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ASU, Army Open New Flexible Display Center

Center poised to revolutionize small, flexible electronic information displays


ASU and the Army are working to revolutionize how troops in the field receive up-to-date information. The two entities are launching the Flexible Display Center at ASU to develop new concepts in information exchange and display.In a world where information plays a crucial role, continually updated information can literally save lives.

This is no truer than on the battlefield, where troop movements, enemy lines and weather conditions are as fluid as the battle itself.

Now, in a major effort to revolutionize on-field command and information exchange, the Army has teamed up with ASU to establish the Flexible Display Center (FDC).

“The FDC brings together academia, industry and government to develop what, in essence, will be revolutionary information portals – devices that are small, lightweight, rugged and consume very little power,” says ASU President Michael Crow. “But they will be very powerful in that they will hold the key to successful military operations: real-time information.”

Increasing the pace

Crow adds that the center will accelerate research, development and manufacture of flexible display technologies, which will boost commercialization of flexible displays. As an early adopter, the Army will use the technology developed in the center to accelerate the pace of its transformation, which cannot be achieved with existing glass-based displays. In addition, the Army’s investment will lead to low-volume manufacturing that meets its needs while ensuring the technologies become the industry’s commercial standard.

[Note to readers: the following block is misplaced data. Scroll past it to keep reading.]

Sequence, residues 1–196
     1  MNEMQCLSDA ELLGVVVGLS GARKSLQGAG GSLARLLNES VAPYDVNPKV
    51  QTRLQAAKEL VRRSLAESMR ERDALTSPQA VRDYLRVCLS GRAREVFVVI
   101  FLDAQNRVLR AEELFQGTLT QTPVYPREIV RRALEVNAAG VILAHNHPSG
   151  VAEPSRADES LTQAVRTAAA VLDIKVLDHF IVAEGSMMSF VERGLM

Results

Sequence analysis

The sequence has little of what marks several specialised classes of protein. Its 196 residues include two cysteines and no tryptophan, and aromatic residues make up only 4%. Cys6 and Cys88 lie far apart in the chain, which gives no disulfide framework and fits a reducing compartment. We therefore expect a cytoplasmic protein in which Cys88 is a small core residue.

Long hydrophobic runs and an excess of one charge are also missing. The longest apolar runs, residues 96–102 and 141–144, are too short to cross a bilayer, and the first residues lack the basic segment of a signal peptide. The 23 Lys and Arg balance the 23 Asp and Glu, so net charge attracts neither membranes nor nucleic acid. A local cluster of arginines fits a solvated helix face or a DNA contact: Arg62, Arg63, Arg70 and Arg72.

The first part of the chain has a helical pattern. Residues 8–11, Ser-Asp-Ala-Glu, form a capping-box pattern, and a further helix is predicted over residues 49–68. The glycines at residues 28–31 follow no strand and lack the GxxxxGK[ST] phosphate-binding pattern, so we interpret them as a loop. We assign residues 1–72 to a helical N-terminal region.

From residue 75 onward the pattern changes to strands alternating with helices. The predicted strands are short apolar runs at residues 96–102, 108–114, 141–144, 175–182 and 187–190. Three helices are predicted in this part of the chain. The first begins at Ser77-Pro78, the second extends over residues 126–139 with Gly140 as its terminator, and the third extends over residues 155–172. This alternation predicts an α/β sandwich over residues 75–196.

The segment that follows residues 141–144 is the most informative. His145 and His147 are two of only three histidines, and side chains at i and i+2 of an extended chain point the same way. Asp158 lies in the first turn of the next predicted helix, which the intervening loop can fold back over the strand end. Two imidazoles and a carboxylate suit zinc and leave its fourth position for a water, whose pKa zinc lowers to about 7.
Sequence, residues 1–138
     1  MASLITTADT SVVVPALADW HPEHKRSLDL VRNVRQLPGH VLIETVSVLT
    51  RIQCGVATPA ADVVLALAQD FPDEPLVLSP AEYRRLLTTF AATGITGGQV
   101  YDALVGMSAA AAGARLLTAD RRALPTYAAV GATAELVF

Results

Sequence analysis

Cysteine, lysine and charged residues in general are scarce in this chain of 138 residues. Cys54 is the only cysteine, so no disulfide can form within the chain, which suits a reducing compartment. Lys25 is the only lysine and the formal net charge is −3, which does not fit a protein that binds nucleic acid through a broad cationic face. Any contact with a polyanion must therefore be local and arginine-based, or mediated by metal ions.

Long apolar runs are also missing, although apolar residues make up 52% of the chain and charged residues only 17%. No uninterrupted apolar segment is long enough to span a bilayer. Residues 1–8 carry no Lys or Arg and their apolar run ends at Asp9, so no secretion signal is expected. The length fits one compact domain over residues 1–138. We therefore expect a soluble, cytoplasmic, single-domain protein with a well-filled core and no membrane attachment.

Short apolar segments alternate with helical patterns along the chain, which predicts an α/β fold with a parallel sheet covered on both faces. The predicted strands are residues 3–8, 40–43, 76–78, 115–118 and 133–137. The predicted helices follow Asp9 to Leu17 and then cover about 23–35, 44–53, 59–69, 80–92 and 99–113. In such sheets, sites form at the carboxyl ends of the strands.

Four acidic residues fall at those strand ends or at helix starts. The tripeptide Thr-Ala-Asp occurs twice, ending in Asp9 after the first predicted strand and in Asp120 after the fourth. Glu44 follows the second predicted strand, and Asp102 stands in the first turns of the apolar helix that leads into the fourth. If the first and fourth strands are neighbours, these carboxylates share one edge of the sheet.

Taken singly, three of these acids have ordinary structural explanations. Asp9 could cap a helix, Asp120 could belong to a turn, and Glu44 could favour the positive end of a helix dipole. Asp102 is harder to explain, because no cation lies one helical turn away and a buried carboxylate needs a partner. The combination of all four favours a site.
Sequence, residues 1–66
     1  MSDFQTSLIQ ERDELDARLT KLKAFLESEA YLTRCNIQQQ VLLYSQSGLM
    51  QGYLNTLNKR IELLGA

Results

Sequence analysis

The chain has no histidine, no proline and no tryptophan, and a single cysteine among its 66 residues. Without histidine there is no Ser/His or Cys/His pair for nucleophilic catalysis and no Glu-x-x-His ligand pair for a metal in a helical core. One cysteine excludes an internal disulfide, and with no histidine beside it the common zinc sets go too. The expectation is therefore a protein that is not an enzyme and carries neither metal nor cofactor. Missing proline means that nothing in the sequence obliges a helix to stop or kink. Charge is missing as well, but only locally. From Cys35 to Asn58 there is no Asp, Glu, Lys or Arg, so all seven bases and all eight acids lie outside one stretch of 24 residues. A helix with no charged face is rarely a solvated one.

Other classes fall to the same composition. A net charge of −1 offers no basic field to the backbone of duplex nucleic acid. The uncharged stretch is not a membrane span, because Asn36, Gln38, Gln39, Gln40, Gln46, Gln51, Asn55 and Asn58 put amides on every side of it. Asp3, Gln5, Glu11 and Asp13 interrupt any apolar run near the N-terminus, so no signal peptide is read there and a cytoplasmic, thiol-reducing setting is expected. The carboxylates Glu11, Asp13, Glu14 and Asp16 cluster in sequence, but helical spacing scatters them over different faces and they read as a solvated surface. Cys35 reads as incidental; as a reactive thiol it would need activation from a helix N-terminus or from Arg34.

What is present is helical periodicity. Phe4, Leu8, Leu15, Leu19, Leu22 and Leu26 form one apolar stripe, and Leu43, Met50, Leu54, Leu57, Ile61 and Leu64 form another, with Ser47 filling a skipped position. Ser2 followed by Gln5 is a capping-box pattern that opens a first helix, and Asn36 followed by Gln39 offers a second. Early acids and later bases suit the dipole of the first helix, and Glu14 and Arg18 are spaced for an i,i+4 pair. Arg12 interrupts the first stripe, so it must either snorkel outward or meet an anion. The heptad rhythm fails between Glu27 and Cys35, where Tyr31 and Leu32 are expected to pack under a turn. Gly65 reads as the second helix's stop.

“Flexible displays are the next revolution in information technology that will enable lighter-weight, lower-power, more-rugged systems for portable and vehicle applications,” says Brig. Gen. Roger Nadeau, commanding general of the Army’s Research, Development and Engineering Command.

Nadeau says flexible display technology will enable new applications for the soldier and Army platforms that cannot be realized with current glass-based displays. These will include body-worn displays that conform to the uniform; displays that can be rolled up and put in a pocket when not in use and unrolled for large-area, high information content; and many other applications that Army engineers and scientists are considering.

The displays essentially are extremely thin computer screens, says Army Research Laboratory Director John Miller. He says they will be “integrated with computation, communications and global positioning subsystems to significantly enhance the soldier’s situational awareness, survivability and effectiveness.”

Overlapping technology

The Flexible Display Center is the result of a $43.7 million, five-year cooperative agreement between the Army Research Laboratory (ARL) and ASU. The February 2004 agreement has a performance period of five years, with an option for an additional $50 million over an additional five-year period.

Although the Army provides core funding for the center, the center’s focus is on commercial applications. The Army is leading the effort because there is strong overlap between military needs and potential civilian markets, such as consumer electronics and personal health monitors.